Well, I don’t really recommend the hike I took on Saturday, March 21,
if you haven’t been hiking in many months. Don’t get me wrong—it’s a fantastic hike packed with so much scenery that one finds it difficult to look where your feet are going. Instead, all you want to do is gape at the surrounding peaks, the steep walls of the gorge, the soaring cliff faces, the tumbling river, the blooming flowers…well, you see what I mean.
But it had been far too long since I’d hit the trails. My legs were out of shape and my lungs were still scarred from the pneumonia I had in January. And I was going to have to try to keep up with two much younger hikers, my friends Jack Thyen and Andy Kunkle.
But it had been far too long since I’d hit the trails. You see? I didn’t really care how tough the hike was going to be. I was more concerned with getting back to my hobby and seeing a little bit of what the wild world has to offer. I can only live so long without walking through wilderness, and then I begin to lose focus. I have to have that contact with Mother Nature. There’s nothing else that does it for me, but hiking in the wild places.
I met up with Andy and his dog, Boone at a Wal-Mart parking lot in Gastonia. This is where we generally join forces to hit the mountains. This time, Andy and Boone hopped into my new truck and we left his car in the parking lot and headed to the Linville Gorge Wilderness Area where Jack Thyen was going to join us at the Pinch In Trailhead. We had a good time gabbing as we drove along and when we got to the trailhead, Jack soon found us.
We drove to the edge of the wilderness area via the Kistler Memorial Highway. Anyone reading the title on a map could actually confuse this with a real highway. It’s nothing like that. Kistler is a gravel one-lane road that hugs the eastern heights of the gorge and is a pretty rough Forest Service roadway. Currently, it’s in good repair and an auto can handle the terrain, but sometimes this is not the case, and in times like that I would suggest tackling it with a high clearance vehicle and four-wheel drive.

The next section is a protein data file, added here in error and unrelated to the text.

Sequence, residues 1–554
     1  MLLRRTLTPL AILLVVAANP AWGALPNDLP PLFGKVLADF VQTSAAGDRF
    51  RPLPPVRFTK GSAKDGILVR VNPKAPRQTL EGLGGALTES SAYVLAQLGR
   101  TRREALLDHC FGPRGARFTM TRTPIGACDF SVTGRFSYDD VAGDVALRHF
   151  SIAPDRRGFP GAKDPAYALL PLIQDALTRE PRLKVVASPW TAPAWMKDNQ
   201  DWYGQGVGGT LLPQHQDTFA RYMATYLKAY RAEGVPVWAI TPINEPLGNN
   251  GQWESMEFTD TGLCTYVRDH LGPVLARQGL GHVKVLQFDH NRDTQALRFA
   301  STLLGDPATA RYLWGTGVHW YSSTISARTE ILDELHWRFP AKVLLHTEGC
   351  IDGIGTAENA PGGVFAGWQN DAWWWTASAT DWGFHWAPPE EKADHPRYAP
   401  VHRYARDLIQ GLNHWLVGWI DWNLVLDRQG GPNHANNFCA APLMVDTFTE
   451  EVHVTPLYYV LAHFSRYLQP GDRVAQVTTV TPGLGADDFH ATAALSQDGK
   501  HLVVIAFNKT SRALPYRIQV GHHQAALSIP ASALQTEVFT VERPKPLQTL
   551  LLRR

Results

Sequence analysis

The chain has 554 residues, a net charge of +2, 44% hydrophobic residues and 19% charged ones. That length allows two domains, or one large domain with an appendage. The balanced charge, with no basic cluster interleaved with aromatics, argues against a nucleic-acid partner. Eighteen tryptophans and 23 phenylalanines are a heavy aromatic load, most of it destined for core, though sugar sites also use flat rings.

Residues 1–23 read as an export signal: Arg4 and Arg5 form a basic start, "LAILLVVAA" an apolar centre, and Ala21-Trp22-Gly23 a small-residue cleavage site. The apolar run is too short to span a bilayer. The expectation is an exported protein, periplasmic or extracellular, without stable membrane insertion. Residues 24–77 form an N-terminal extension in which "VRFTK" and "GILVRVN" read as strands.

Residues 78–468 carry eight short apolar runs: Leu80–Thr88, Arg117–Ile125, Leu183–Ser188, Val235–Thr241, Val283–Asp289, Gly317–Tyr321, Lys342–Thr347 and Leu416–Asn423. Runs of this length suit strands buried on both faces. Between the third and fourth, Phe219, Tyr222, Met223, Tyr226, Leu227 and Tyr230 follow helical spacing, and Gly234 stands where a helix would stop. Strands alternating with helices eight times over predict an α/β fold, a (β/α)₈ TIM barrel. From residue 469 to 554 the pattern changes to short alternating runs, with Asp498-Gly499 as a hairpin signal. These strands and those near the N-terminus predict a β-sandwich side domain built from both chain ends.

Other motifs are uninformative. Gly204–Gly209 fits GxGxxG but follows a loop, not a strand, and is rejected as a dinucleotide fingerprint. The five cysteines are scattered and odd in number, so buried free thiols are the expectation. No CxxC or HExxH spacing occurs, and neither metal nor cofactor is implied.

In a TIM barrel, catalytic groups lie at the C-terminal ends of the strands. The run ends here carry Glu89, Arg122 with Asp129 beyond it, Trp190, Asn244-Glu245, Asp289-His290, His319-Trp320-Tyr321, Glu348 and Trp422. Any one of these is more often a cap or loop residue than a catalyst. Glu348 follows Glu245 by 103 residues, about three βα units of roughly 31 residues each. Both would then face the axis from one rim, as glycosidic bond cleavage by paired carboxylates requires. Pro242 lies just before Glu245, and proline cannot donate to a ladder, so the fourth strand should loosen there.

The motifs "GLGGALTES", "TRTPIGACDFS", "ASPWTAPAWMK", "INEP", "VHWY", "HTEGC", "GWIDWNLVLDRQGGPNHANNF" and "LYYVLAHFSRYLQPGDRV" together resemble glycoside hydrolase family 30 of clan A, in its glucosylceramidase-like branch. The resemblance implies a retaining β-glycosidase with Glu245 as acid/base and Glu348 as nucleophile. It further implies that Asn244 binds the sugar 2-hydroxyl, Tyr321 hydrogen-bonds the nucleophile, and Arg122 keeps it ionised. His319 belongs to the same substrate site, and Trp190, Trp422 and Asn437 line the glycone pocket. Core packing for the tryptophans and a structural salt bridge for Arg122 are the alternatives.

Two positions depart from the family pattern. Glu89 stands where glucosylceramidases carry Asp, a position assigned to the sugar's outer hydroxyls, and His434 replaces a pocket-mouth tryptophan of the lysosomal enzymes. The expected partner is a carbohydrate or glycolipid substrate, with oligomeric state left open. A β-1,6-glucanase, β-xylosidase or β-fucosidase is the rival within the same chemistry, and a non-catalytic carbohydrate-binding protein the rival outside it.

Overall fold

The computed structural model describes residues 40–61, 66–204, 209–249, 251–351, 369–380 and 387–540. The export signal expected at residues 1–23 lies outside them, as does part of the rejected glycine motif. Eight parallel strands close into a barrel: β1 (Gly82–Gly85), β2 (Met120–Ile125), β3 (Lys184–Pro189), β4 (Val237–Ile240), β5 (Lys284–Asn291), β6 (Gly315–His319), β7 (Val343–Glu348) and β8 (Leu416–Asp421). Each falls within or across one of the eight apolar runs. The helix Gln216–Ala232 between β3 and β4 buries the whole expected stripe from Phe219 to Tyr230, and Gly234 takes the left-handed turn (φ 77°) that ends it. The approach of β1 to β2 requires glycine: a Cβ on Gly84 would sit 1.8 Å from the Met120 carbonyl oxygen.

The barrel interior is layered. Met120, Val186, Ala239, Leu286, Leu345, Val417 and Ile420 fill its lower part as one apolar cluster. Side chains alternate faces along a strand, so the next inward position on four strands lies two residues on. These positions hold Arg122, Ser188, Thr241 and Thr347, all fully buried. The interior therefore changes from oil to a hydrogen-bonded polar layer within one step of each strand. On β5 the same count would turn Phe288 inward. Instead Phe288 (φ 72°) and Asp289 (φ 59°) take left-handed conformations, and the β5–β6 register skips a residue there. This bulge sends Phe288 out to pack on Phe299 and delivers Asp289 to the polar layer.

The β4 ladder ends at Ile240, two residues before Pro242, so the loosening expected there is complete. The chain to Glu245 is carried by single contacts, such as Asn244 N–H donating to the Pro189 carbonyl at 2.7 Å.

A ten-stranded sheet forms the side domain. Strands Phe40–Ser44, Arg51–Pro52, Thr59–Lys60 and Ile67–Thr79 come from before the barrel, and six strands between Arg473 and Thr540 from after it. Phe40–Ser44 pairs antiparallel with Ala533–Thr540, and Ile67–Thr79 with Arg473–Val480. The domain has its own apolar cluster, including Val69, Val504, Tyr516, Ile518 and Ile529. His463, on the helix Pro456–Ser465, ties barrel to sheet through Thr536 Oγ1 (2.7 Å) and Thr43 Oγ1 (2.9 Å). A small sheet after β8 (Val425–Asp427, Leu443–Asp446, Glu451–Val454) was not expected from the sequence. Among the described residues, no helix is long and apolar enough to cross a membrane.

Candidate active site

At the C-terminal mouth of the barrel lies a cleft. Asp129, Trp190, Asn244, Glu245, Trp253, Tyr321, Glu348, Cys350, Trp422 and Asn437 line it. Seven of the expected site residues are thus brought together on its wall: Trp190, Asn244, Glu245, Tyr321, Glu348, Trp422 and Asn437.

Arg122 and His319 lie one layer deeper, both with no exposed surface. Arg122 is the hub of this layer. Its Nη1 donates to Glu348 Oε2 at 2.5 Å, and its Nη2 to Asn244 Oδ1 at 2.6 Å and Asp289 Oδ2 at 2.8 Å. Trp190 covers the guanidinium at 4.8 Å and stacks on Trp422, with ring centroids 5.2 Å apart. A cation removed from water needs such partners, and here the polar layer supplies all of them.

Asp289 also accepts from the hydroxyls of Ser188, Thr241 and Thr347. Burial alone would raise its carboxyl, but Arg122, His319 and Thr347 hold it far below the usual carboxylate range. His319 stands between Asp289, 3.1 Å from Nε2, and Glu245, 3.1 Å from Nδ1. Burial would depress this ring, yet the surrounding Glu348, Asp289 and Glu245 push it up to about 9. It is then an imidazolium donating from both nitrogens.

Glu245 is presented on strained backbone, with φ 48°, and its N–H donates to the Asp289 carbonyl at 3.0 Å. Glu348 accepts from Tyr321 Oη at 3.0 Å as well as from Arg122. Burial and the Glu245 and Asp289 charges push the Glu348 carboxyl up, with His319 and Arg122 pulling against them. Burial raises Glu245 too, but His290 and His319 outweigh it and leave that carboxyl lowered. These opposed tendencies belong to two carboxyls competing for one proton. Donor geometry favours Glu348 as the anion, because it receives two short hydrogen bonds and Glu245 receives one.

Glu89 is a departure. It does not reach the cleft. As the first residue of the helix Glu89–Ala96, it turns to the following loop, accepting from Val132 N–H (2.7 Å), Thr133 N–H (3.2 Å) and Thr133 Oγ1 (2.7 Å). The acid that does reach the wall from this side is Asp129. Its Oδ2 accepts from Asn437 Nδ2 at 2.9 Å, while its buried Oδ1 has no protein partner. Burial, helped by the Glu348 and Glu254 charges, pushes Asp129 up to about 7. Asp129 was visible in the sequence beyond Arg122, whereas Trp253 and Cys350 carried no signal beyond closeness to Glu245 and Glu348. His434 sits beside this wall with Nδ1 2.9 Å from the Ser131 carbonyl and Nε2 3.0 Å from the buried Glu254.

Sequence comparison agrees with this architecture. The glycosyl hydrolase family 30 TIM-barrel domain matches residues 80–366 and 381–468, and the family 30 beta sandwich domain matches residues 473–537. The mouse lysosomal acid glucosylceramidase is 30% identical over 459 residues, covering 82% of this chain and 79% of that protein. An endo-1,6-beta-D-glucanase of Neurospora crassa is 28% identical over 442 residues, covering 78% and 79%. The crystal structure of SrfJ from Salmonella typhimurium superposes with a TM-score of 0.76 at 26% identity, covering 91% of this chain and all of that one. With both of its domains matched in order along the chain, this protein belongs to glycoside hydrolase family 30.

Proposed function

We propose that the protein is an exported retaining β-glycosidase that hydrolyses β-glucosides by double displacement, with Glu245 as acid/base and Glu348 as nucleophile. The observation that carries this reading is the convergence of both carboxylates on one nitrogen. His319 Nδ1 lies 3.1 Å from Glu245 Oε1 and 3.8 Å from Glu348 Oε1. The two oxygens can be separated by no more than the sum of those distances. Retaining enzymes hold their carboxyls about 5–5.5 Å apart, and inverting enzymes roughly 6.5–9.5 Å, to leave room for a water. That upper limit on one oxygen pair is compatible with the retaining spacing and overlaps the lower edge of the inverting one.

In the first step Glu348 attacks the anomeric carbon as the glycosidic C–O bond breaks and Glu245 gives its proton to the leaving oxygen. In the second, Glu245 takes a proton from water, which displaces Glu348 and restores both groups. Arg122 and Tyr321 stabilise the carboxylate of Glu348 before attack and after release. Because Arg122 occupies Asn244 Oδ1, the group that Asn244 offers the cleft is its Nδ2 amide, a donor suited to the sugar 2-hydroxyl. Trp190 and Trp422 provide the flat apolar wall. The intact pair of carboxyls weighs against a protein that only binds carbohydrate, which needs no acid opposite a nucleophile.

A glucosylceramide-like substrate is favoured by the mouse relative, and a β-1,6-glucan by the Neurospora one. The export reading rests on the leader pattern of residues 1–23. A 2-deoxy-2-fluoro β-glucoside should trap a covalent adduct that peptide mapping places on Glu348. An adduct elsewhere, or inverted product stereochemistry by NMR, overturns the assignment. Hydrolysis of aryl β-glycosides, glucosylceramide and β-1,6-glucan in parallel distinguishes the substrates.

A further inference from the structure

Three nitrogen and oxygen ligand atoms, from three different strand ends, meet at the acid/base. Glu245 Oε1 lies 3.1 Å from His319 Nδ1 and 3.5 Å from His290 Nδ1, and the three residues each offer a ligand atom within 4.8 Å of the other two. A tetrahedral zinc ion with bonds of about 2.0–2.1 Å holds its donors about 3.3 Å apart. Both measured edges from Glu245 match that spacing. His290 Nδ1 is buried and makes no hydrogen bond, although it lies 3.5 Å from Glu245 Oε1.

Once we’d met up with Jack I followed him in his Toyota Tacoma as we deposited his vehicle at the Conley Cove Trailhead a few miles down Kistler. Due to the nature of the hike, we needed a shuttle to get back to my truck where we’d all embark. In short order we dropped off his vehicle and had returned to the Pinch In.
The Pinch In Trail is a very tough hike. It drops directly down into the gorge without benefit of switchbacks. It just follows the contours of a ridge and plummets right down toward the Linville River. The fires of 2007 hit this area really hard. These fires were particularly fierce. Sometimes a fire will just consume the dry underbrush and merely scorch a few leaves and darken some trunks. Not this fire. It came on the heels of a hideous drought that itself came on the heels of two other droughts. All of North Carolina was bone dry and the Linville Wilderness was a conflagration waiting for a spark.
Generally, some vegetation will survive even a strong fire. But not with this one. It even charred the rhododendron and mountain laurel. It swept down into coves. It turned the pines and oaks and poplars into jutting black sticks. This fire even burned up the soil! It burned all the way down to the carbonless mineral dirt. It was a really bad fire.
However…there is always something good that comes from such a disaster. In this case—and I mention this in complete selfishness as a human—it opened up the views and vistas of the gorge like nothing else. Where once you had hiked through obscuring vegetation, now you have unimpeded views of the peaks and canyons. The whole place has become geological eye candy.
It was cold, so we were bundled well in jackets, caps, gloves et cetera. And we headed down the Pinch In Trail, stopping often to take photos. The sky was overcast, in contrast to the reports all of us had read of clear skies and mild temperatures. We could only hope the various weathermen had been right and that the cloud cover would soon break.
In very short order, the trail dropped us a full two thousand feet down into the bottom of Linville Gorge. Fortunately, the fire had faded as it approached the river and so most of the tree cover down along the banks of the Linville is still green a vigorous. The hemlocks, of course, are all dying due to the adelgid infestation, but the rest of the trees seem to be in decent health.
Our first goal of the day was a place called Daffodil Flats. Only one family ever lived in the depths of the gorge and while almost all trace of their presence is long gone, there is still one thing to show that they once lived there: